“There’s something about warm summer days that make me want to get out on the water. So, with the sun shining last Friday morning, we set off for a family trip along Loch Linnhe aboard the Souter’s Lass.
The boat sets off from beside the Crannog restaurant at Fort William Town Pier, and over the course of 90 minutes or so takes in a number of sights along the loch – including a large rock in the middle of the water which has come to be known as ‘Seal Island.’ You can probably figure out how it came by that name, but, if not, keep reading and I’ll reveal all.
We were on the ten o’clock sailing, and being the first day of the local schools’ summer holidays, we expected the boat to be much busier than it was. Not that we were complaining, as it gave us more room to roam around and everyone had an uninterrupted view out over the water.
The twelve o’clock sailing was much busier, so I think we made the right choice by going for the earlier option – although my 13-year-old son, who had been planning a lie-in for the first day of the holidays, might disagree.
Entertaining and Informative
Our skipper for the trip was incredibly knowledgeable about not just the loch, but Fort William and Lochaber in general. His narration as we cruised along Loch Linnhe was entertaining and informative, and his eagle-eyes even spotted a porpoise splashing around not far from the boat – one of the first sightings of the season. Unfortunately, I wasn’t as quick off the mark, and by the time I’d got the camera ready the only sign the porpoise had been there was an expanding ripple on the water’s surface.
We continued along the loch, passing a salmon farm, spotting lots of big silvery fish leaping around, and taking in views of the area that even we, as locals, aren’t used to seeing.
Although the sun was shining, a cold breeze was blowing. Luckily, the crew was on hand with a selection of blankets for those feeling the chill. On colder days, I’d imagine the covered seating area downstairs gets a few visitors – especially with its well-stocked bar!
In what felt like no time at all, we had reached Seal Island. Some days there can be upwards of a dozen seals flopping around on the rock and sunning themselves after a hearty scoff. Today, though, there was just one. He kept a close eye on us as we slowly circled around, snapping photos and shooting video for all we were worth.
The seals are easily startled by high-pitched noises – the voices of young children in particular can spook them – so a hush descended among all those on board as we looked at the seal and the seal looked back.
Eventually, we said goodbye to the island’s sole inhabitant and returned to the Crannog – although not before hearing about the trainee divers residing hundreds of feet below us in the Underwater Centre’s submerged Loch Linnhe training capsule. Apparently they stay down there for three weeks, breathing a mixture of Helium and Oxygen. Rather them than me!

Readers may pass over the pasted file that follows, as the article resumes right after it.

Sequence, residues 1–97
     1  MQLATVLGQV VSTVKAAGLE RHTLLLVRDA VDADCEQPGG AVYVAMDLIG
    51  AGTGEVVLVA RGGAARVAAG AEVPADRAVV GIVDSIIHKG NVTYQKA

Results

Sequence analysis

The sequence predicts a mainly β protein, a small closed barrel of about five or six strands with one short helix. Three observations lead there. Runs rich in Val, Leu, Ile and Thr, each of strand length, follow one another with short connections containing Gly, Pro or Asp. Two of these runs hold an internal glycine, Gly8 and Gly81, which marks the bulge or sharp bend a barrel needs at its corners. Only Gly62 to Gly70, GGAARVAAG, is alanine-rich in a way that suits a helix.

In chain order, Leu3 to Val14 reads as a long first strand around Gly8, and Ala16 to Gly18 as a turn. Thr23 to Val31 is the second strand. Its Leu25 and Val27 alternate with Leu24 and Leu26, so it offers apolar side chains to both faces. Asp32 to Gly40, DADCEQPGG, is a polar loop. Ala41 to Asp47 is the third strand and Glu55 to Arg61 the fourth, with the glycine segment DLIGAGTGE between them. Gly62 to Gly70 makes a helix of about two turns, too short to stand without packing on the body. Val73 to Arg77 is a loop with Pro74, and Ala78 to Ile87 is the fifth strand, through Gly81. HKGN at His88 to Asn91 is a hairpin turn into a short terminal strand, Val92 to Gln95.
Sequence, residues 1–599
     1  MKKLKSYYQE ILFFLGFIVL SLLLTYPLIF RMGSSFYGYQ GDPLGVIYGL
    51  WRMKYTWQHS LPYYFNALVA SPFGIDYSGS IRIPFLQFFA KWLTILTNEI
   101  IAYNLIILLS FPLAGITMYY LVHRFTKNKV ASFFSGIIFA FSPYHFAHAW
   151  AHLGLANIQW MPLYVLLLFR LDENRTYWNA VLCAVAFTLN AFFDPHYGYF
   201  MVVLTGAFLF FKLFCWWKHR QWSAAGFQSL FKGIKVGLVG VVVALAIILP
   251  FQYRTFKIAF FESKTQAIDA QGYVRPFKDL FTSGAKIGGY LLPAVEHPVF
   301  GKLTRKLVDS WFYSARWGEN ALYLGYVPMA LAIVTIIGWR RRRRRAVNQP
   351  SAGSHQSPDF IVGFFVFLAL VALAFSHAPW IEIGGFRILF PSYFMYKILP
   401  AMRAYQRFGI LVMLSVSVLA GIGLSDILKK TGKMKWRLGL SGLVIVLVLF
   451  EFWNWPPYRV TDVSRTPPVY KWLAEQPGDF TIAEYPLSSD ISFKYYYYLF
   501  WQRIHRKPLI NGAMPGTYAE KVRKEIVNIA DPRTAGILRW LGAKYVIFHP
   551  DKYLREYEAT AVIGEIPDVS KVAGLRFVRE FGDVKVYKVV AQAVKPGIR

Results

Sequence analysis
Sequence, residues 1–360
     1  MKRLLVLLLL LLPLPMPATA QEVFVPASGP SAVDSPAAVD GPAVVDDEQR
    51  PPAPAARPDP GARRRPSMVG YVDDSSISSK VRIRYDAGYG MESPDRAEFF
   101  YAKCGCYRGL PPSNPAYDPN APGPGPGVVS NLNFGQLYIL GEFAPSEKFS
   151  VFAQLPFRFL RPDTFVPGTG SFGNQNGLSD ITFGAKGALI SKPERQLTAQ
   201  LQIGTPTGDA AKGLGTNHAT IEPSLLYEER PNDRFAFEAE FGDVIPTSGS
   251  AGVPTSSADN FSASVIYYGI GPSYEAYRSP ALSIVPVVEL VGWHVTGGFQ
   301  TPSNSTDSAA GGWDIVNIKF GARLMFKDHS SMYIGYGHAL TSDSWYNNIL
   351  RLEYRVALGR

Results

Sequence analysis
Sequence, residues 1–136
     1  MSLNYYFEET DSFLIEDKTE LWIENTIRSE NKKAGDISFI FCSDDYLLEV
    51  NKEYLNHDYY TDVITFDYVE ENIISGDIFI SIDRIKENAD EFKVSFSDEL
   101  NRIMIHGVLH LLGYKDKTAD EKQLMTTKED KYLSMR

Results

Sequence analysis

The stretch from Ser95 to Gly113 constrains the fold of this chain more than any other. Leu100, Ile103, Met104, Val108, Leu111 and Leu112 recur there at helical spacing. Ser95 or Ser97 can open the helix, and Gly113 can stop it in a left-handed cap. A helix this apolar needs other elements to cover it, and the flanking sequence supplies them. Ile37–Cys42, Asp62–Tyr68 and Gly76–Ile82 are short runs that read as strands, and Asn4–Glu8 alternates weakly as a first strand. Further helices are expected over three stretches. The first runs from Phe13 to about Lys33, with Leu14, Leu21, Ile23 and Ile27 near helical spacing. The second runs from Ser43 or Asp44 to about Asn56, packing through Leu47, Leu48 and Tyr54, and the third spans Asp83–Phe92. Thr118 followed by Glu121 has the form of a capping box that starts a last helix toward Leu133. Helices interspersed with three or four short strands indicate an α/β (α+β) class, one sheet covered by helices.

Lunch at the Crannog Restaurant
After the cruise came the bit I was really looking forward to – lunch at the Crannog Seafood Restaurant. I’m a huge fan of fresh seafood, and there are very few places in the Highlands that do it as well as the Crannog does.
As part of the Cruise and Dine package, we were able to choose from a set three-course lunch menu, and although there were only two or three options for each course, the variety of the food on offer meant we felt spoiled for choice.
We opted for starters of Fish Pie and Smoked Haddock salad, and both dishes were vibrant and fresh, with a strong but not overpowering fishy flavour. My dad, who is as much of a seafood fan as I am, remarked that the smoked haddock was the best he’d ever had, and I have to admit I can’t think of ever eating a better fish pie.
The main course didn’t let us down, either. The Hake was flaky and melt-in-the-mouth soft, while my Breaded Haddock with Sautéed Potatoes was so good it’s probably ruined all other Fish & Chips for me for life.
My dad was too stuffed to tackle dessert, but I bravely pushed on, opting for the selection of ice creams over the dark chocolate cheesecake on offer. Rich, creamy and full of flavour, there was nothing I could find to fault about that course, either.
At just £25 per adult for the cruise and lunch, this would be a great value deal even if the food was average. The fact that for your money you’re getting a fantastic three-course meal from one of the best seafood restaurants in Europe means it’s an offer too good to pass up.”
This post was originally published on the ‘Highland Guide’ website; click here to read their blog. For more information on Crannog’s cruise and lunch, visit our website here.
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